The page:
When he arrived at the palace, the king himself opened the door, welcomed him to his “house”, and requested that he join him for a meal. The king then informed him that he was appointing him to an important position in his administration and, while he will have tremendous responsibilities and obligations, he would be receiving many benefits, as well.
For many years, things were going well. However, as the years passed, the minister seemingly forgot his humble origins and made a disrespectful remark against the king and was found guilty of disrespecting the king. He was placed in jail awaiting the verdict with a possible death sentence.
The day before the verdict was to be decided, he was asked if he had any request before the verdict was handed down.
He replied, “I am asking for one simple thing. A servant should go to my hut in the wilderness and bring the garment of a hunter that is hanging there. I wish to wear it at the hearing tomorrow.”
The next day he was brought in front of the king and the judges who were to decide his fate. Seeing the minister in his hunting garments gave the king a flashback as to how desperate he felt when he was alone in the rainstorm and the tremendous relief and gratification he had when this hunter invited him into his humble hut. The king immediately informed the judges that he sought to forgive and pardon him for his grievous act, because of the appreciation he owed him for saving his life.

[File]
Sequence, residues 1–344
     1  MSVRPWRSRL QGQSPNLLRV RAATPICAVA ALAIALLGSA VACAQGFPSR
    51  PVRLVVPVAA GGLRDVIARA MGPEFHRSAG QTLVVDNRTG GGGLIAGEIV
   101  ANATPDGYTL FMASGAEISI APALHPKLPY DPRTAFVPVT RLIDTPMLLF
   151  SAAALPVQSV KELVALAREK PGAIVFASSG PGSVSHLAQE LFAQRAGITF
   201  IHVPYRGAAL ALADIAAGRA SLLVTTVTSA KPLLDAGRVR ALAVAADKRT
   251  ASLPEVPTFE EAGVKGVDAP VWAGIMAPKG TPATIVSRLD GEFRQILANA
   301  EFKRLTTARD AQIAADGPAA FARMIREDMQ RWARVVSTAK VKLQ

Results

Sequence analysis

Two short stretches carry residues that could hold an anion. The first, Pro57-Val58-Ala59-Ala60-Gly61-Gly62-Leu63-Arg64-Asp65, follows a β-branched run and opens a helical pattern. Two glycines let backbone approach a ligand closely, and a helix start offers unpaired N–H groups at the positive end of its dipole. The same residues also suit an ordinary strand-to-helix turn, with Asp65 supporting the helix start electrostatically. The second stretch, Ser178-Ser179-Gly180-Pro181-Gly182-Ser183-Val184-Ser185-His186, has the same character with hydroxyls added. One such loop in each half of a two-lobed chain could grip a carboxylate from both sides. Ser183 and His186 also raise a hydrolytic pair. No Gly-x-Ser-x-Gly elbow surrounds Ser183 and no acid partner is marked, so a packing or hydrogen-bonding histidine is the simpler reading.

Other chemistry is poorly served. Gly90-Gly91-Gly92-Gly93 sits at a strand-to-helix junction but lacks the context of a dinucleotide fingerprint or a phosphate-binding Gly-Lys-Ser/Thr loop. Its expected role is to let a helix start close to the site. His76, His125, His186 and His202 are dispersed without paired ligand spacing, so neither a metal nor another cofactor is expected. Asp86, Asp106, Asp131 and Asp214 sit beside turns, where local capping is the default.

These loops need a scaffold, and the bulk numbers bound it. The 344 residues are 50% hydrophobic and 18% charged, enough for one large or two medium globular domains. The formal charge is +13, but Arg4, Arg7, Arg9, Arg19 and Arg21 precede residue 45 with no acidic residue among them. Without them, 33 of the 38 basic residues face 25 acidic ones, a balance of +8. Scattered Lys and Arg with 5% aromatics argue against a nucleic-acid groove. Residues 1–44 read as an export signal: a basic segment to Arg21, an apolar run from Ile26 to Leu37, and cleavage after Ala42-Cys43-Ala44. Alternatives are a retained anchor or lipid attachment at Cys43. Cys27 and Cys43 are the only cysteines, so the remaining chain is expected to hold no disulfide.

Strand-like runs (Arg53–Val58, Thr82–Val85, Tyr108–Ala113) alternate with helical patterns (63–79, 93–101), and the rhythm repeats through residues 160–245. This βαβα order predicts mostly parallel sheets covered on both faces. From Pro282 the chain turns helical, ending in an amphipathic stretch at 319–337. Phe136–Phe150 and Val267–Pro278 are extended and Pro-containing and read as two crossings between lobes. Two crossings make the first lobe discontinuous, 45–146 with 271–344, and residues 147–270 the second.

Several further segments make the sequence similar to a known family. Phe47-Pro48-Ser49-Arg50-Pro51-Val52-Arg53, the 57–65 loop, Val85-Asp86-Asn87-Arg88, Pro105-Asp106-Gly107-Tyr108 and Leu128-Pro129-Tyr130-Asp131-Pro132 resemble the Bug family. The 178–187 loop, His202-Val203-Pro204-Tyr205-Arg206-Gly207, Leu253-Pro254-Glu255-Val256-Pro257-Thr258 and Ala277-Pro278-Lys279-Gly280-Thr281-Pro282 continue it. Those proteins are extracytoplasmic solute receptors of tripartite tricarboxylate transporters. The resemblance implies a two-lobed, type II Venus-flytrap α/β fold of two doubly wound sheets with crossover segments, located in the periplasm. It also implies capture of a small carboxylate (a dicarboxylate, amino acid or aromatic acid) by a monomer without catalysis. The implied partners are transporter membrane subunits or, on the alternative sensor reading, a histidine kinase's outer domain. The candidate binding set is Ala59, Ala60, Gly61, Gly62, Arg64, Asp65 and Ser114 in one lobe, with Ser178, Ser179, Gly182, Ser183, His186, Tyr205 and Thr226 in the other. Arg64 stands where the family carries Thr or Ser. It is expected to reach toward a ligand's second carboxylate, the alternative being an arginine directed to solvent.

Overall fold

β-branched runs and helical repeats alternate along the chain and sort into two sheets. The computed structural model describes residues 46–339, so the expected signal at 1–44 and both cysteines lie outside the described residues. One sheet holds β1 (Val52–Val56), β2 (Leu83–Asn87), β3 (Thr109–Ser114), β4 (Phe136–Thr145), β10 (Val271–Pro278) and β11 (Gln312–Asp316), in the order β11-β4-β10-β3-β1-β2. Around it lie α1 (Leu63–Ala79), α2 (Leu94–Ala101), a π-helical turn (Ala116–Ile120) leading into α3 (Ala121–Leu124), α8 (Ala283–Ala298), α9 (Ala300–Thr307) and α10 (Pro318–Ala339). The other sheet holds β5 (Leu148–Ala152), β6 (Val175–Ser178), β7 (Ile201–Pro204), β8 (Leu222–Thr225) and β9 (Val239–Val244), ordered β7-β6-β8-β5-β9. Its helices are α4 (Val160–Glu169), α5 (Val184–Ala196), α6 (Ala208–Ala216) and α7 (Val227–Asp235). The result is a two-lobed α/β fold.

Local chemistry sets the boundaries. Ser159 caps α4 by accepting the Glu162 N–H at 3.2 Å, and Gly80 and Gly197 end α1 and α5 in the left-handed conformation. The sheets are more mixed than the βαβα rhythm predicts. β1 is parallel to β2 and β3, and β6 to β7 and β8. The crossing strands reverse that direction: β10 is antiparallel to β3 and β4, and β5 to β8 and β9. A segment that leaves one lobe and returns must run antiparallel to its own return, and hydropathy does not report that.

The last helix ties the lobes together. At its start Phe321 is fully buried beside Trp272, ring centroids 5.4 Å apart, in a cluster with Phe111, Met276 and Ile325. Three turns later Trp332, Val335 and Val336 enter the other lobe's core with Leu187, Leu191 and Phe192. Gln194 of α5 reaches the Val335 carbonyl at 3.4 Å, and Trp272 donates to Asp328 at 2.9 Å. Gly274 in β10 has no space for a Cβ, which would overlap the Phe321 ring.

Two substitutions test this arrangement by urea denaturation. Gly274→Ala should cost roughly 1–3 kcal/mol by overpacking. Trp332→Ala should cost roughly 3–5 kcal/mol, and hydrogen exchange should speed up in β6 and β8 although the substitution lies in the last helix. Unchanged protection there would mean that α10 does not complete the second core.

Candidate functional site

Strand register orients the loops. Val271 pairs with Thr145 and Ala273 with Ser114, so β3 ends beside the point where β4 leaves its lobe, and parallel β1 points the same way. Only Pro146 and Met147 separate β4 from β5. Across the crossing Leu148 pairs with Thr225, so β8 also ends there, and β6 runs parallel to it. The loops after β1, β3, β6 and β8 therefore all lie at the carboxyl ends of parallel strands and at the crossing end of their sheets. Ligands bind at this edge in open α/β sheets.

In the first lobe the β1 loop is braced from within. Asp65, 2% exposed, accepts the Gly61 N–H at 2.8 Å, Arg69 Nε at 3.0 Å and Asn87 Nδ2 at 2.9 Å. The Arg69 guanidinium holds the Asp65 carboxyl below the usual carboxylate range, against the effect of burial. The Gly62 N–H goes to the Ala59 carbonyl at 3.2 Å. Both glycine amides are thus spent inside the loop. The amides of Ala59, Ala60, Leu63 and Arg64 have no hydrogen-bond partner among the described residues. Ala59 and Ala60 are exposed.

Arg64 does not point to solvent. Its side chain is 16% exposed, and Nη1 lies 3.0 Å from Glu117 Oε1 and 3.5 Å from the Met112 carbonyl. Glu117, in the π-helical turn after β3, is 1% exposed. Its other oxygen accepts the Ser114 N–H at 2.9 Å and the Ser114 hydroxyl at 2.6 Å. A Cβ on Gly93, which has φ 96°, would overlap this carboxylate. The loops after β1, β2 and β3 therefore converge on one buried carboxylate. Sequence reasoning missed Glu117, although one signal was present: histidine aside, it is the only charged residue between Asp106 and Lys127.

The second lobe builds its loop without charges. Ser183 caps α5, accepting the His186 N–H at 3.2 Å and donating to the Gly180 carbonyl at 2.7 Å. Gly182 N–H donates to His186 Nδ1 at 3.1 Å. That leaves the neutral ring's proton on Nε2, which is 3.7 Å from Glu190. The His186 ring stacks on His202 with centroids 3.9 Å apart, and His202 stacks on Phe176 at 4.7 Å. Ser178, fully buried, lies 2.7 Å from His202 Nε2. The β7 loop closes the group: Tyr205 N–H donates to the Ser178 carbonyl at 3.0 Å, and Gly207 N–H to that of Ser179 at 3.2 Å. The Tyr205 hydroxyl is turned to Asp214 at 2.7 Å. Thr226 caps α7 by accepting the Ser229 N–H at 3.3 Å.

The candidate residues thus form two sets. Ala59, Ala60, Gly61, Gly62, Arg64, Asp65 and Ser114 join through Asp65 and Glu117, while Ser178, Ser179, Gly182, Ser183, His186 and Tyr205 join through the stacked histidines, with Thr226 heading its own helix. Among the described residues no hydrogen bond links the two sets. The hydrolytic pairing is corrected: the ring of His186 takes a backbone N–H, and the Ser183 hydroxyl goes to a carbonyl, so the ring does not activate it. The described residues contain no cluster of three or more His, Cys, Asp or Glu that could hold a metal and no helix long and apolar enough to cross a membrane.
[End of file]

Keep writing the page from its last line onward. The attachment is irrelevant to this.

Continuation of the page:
Reb Levi Yitzchok described tekias shofar in the same way.
When no other nation was interested in receiving the Torah, we happily accepted it. But, then, over the years, we forgot about our special connection and rebelled against the true King, the King of the Universe. Yes, we are guilty; but, on Rosh Hashanah we blow the shofar to remind Hashem that only we were and remain willing to accept Him as our G-d and King.
Upon hearing the sound of the shofar, Hashem remembers that tremendous connection that was established at Har Sinai when He gave us the Torah and forgives us.
Compiler’s note: On Rosh Hashanah we proclaim and express our heartfelt feeling with the words Avinu Malkeinu. Perhaps each one of these parable brings out the unique aspect of one of the two words.
Rabbi Avtzon is a veteran mechanech and the author of numerous books on the Rebbeim and their chassidim. He is available to farbreng or speak in your community and can be contacted at email@example.com. If anyone is interested in helping publish this new book, please contact him.